Where Innovation Is a Way of Life In recent years, companies topping the world’s “most innova- tive” lists are typically high-tech leaders such as…
3M: Where Innovation Is a Way of Life
In recent years, companies topping the world’s “most innova- tive” lists are typically high-tech leaders such as Google, Apple, Samsung, and Amazon. When thinking of companies that set the world on fire with one revolutionary product after another, the image of a stodgy company that originated in the mining industry more than 100 years ago is hardly the icon. But while 3M may not be as flashy as today’s high-tech headliners, it’s anything but stodgy.
3M—the Minnesota Mining and Manufacturing Company— is a multinational powerhouse with more than $31 billion in annual sales. Year after year, with machine-like precision, 20 percent of 3M’s sales filter down as operating profits, allowing the company to increase its dividend to shareholders—something it has done every year for the past 57 years.
3M sells more than 50,000 products in nearly 200 countries across dozens of industries, including office products, construc- tion, telecommunications, electronics, health care, aerospace, and automotive. Among its products are some of the world’s most recognizable consumer brands, such as Scotch Tape, Nex- care first aid products, Filtrete home filtration products, Com- mand mounting products, and Post-it Notes. But 3M’s portfolio is also packed with hundreds of brands that most people have never heard of—like Peltor hearing protection equipment or Pruven waste bags for picking up dog poop.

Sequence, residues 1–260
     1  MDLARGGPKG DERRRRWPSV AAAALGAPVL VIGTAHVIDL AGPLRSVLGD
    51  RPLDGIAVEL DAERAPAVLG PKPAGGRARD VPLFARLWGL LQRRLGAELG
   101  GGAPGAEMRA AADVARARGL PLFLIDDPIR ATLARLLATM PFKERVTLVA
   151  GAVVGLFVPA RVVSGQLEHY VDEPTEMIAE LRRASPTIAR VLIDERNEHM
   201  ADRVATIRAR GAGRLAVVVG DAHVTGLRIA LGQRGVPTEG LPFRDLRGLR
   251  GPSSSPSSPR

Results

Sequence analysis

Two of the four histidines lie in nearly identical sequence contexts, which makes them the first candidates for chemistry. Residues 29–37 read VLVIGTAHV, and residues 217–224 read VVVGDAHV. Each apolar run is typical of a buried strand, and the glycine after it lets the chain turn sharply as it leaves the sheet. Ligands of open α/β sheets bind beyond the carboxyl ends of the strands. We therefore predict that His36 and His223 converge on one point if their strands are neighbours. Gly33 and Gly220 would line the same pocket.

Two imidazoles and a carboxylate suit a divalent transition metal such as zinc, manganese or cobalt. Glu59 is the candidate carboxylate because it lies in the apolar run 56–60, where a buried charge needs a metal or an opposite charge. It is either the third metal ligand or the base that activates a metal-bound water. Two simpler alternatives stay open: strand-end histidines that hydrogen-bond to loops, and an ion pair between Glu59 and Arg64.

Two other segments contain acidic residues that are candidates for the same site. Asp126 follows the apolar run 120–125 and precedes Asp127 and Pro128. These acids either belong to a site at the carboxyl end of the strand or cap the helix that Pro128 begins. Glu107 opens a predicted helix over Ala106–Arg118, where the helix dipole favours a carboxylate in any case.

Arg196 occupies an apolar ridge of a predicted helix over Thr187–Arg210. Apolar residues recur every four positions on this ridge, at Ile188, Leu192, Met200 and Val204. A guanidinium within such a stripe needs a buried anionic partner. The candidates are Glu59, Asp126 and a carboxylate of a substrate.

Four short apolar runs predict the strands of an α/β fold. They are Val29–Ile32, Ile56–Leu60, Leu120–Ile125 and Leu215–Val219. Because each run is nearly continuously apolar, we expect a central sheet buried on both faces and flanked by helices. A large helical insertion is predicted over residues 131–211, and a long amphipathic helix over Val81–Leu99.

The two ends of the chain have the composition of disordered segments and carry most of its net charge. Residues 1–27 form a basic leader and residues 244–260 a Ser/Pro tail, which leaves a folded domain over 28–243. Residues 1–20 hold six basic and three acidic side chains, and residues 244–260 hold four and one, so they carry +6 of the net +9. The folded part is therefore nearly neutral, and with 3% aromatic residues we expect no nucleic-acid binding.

The unusual breadth of 3M’s product portfolio is both a blessing and a curse for the company. Having a hand in so many industries shields the company from overreliance on any given market. Even when multiple industries are down, many more are doing just fine. That explains 3M’s financial strength. But it also explains why 3M has a hard time thrilling Wall Street. Even a hit new product doesn’t make much of a difference in 3M’s steady but unspectacular growth rate—one that is consis- tently in the low single digits.
Like 3M, the company’s current CEO, Inge Thulin, is methodical and understated. He keeps a long-term focus and places strong emphasis on maintaining 3M’s reliable profitabil- ity. But Thulin is also interested in stoking the fire just a bit, to put a little more heat under sales growth. One of the first things Thulin did when he took over as CEO a few years ago was to trim 3M’s annual sales growth goal from 7 or 8 percent—a goal the company consistently missed—to between 4 and 6 percent. Then, as the world watched, 3M’s organic sales growth grew to 5.8 percent. And under Thulin’s leadership, 3M is now on track to maintain that stronger growth rate.
How did Thulin do it? By doing the same thing 3M has been doing it for decades. At the core of 3M’s success is its busi- ness model—organic growth comes from innovation and the creation of market-changing products. Such market-changing